What better way to start off the new year than with a Guest Artist Workshop with Acrylics master painter and Golden® Paint rep, Christina Ramos! My boss, Linda Wehrli and I were ecstatic to host the workshop at Pastimes for a Lifetime on Sunday, Jan. 20th from 9:30 AM – 2 PM. I have never used acrylics before, but when I discovered that Christina would be providing top-notch Golden Artist Colors Acrylic Paints, I decided to take the plunge! Students needed to provide their own brushes and an 8×10, or 11×14 stretched canvas.
This class covered the basics of painting with acrylics and constructing small still-lifes from photographs. I was intrigued to learn that acrylics, although associated with modern art, can also be used for more traditional art styles through the use of transparent thin layers.
Christina first began with a review of basic techniques:
1. The color wheel was reviewed as a valuable color mixing tool.
2. She uses pure bright colors as they are useful to mix down.
3. Complementary colors are mixed to create more natural looking colors.
4. While working, the subject should be flipped upside down or studied in a mirror to catch errors.
5. The composition of a layout should be divided into thirds vertically and horizontally. Where they intersect should be the location of the focal point of the composition.
6. Medium tones should come first in order to find the light and dark tones accurately.
7. Acrylic paints dry through evaporation. She does not recommend wooden boards for acrylic paints as they cause the paint to dry too fast. Stretched canvas is best as it allows air flow.
8. The thicker the paint, the slower the dry time.
9. For paint storage, she recommends a long narrow plastic pencil box and wet paper towels to store palettes of acrylic paint.
For today’s demo and workshop, the following palette was used:
Titanium white, Titanium Buff, Cadmium Yellow Medium, Cadmium Orange, Alizarin Crimson, Burnt Sienna, Permanent Green, Ultramarine Blue, Dioxizene Purple, and Carbon Black.
Christina provided each guest with palette paper and a water-soaked folded paper towel with a hearty dollop of each color. Her tip was to pull the paint from the paper towel onto the palette paper.
A wash of Burnt Sienna prepped our canvases. Guests then selected the image to study from a collection of photos of persimmons, pomegranates, and lemons. I chose the same pears that Christina used for her demo. Linda opted for persimmons.
An “envelope” was then measured, meaning the area in which the subject sits on the canvas. Christina explained that you want to be “too linear” at first. We then sketched a few lines for where the subject was positioned, making sure to leave enough room for the cast shadows on the canvas.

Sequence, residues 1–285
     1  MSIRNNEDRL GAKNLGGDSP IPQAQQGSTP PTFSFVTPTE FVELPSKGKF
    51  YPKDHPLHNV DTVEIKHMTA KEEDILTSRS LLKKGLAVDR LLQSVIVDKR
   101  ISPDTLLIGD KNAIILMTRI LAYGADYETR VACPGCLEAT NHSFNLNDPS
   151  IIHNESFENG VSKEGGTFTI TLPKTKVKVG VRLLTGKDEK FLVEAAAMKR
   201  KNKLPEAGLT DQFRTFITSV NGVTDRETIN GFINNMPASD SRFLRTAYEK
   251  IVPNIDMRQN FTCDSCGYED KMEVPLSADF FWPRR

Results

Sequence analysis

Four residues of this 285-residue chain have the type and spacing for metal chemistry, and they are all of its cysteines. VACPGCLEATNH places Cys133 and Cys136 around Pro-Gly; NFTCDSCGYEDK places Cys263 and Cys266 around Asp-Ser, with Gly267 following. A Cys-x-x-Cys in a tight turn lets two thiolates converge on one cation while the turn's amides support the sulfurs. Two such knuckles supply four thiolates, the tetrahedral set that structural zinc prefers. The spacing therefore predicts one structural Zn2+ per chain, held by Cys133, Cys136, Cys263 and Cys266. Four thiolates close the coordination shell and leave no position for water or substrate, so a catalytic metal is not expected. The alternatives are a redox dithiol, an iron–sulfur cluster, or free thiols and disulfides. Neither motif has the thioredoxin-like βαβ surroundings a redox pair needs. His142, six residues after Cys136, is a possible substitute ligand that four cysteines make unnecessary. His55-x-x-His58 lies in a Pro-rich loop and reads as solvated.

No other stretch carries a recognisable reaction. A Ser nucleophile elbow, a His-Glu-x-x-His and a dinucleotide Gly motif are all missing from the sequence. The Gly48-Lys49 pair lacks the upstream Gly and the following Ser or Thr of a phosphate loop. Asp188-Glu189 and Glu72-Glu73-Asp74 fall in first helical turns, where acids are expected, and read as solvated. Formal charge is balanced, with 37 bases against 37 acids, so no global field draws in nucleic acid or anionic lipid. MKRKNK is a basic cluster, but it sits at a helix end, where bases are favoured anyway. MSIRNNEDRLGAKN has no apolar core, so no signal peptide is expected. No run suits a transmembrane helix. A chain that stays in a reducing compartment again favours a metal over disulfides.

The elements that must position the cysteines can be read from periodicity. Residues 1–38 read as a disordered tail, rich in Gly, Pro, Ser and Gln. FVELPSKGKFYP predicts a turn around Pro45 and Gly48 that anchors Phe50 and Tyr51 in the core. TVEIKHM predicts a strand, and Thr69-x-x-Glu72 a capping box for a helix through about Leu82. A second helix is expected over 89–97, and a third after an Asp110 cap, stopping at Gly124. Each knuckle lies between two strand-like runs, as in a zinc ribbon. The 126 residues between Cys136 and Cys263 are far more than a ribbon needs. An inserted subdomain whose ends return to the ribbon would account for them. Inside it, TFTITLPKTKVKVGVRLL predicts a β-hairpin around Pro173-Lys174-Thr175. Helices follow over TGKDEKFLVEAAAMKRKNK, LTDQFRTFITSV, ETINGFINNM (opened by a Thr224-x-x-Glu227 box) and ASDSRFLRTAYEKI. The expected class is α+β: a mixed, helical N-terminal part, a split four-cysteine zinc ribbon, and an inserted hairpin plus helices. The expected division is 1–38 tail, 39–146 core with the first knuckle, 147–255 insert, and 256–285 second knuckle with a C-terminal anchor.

As an oil painter, I found it interesting that we only used a small or no amount of paint! “Dry brushing” and “scrubbing” were common terms used throughout the class. For the background, we used “X strokes” and worked “around the clock”, making sure to leave the corners of the canvas dark and vignette.
Once the first layer of the background was completed, we added the first transparent layer of the medium value of the subject. Christina called this the “real estate”, meaning there was no underpainting, just adding in the basic shapes.
Next, we added in the second coat of the background, making sure to cut in around the subject, refining its shape. She reminded us not to worry about color accuracy at this stage.
We finally focused on the form of the subject. For this, we looked for volume by painting with opaque white in the thickest section. She had us imagine holding the subject in our hand to help visualize the form, where it comes forward or sticks out. For this step, we weren’t looking for dark or light, but just for volume. Christina instructed that we shouldn’t pull the white all the way to the edge or the object would lose its form. She had us paint in circular patterns and recommended not cleaning our brushes.
For the third layer of the background, we added in the cast shadows, which are the shadows that are created by the object. Christina referred to this as the “clean-up layer”; we hardly used any paint and fixed the shapes. The cast shadow color was the same as the dark background color. To soften the edges of the cast shadows against the object, we used the “rolling brush” technique, using the top of the dry round brush to blend or “scrub” all the way to the edge. Christina even used her fingers and a little spit to blend and soften edges between shadows and the subject!
After one more opaque layer using the medium value plus white with a dry brush, we fixed up the concentrated colors. For my painting, I created a cooler yellow for the back pear by adding blue and a warmer value for the front pear by adding cadmium red. Christina explained that the reflective light on the object is usually cool if the light source is warm. Weird!
Lastly, we added in the “hot spots” on the objects, meaning the diffused light and details. She reminded us that “less is more” at this step of the process. After adding in the stems using our background color, we were finished! Here’s a peek at Linda’s progression shots:
Here are some of my progression shots:
I thoroughly enjoyed working with acrylics; it was more relatable to drawing than oil painting because a lot of the time you are using little to no paint. As a charcoal lover, I liked this aspect! I will definitely be investing in acrylics at some point in my life. Thanks so much to Christina Ramos and Linda Wehrli for hosting this insightful, fun workshop!
For a list of Christina’s upcoming workshops, please visit her website.
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Pastimes For a Lifetime Art and Piano School is located in Valley Glen, California. 818-766-0614. School is open Tuesday – Saturday year round, except major holidays.
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